WhatsApp has been applauded for adding end-to-end encryption on its platform to secure conversations of its users two years ago. But encryption has its challenges, despite its security posture.

Recently, a team of German cryptographers found flaws in WhatsApp that they say makes it easier for unauthorized individuals to access group chats. They also found flaws with Signal and Threema, which have been reported to be harmless.

What the researchers claim is that an administrator of a conversation can invite new people into a conversation. But when the administrator invites those new people, the WhatsApp server doesn’t authenticate the new member, and therefore, anyone controlling the server could insert new people into the private conversation without the administrator’s knowledge. According to the researchers, the servers themselves should not be able to read the messages or insert new people into the conversation without the knowledge of the administrator, but this is what can happen.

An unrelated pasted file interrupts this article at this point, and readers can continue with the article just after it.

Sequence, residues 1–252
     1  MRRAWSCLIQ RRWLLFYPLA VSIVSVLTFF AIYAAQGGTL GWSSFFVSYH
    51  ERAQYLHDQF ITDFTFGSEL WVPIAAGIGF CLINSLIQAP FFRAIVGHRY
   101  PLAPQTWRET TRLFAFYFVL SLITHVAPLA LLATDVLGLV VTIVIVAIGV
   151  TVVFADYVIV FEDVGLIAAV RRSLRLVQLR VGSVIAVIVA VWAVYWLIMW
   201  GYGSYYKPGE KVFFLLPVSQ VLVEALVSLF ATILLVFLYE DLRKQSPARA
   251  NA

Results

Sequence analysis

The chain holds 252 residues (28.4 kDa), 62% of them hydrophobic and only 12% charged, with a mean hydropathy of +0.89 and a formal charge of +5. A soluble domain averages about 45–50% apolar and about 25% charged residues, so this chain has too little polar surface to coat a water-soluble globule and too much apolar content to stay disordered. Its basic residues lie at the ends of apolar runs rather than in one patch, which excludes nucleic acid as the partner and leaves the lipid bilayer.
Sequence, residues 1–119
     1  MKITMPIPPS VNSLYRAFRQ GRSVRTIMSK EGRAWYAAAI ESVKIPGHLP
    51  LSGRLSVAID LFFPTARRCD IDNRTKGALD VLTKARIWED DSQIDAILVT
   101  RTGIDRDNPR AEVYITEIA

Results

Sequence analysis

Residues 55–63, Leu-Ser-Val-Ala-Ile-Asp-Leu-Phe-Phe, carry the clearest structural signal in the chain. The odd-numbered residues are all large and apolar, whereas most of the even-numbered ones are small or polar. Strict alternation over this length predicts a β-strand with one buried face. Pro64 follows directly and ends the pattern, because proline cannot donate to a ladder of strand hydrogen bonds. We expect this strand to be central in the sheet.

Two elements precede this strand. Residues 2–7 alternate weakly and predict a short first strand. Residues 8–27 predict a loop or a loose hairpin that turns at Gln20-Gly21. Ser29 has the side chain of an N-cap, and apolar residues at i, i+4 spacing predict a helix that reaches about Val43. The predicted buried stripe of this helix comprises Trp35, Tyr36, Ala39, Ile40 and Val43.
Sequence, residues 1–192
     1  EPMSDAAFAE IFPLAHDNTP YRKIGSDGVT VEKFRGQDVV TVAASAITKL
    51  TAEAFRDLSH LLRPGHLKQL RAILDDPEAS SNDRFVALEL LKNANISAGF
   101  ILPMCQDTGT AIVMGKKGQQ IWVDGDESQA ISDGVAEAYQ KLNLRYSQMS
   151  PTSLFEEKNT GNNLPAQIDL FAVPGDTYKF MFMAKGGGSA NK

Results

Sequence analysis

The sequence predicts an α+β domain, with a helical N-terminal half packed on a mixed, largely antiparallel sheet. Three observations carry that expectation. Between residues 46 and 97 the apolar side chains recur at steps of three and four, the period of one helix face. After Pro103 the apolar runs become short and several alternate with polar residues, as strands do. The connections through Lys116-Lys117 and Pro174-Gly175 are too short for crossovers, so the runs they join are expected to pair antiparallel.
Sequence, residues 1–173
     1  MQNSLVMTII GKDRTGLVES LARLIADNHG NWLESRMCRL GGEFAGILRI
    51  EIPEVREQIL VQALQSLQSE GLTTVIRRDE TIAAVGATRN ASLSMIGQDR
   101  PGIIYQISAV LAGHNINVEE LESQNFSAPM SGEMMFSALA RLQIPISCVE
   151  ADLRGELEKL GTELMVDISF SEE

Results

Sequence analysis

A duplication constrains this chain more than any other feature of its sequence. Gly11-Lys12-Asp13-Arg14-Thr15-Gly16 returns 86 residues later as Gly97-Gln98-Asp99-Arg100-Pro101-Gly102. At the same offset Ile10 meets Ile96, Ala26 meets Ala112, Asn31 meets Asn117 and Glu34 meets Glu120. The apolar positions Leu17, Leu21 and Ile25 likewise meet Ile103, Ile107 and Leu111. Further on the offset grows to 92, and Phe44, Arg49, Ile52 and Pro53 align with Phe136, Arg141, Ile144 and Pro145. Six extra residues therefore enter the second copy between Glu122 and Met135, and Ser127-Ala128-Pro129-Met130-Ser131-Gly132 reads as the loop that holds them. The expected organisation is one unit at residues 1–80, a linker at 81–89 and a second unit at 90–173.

If a new member to the group is added through the server, that member has access to secret keys from every other participant in the group, which gives the intruder full access to all future messages. Some people use WhatsApp for highly sensitive conversations, which they don’t want unauthorized individuals to have access to.

The takeaway is that administrators and users in WhatsApp groups should watch carefully when new members are invited and join, and warn other members of an interloper or a spoofed invitation message. The administrator of the group can remove the unauthorized member and inform the legitimate users in a one-to-one message of the intruder, and can start a new group and invite only intended members.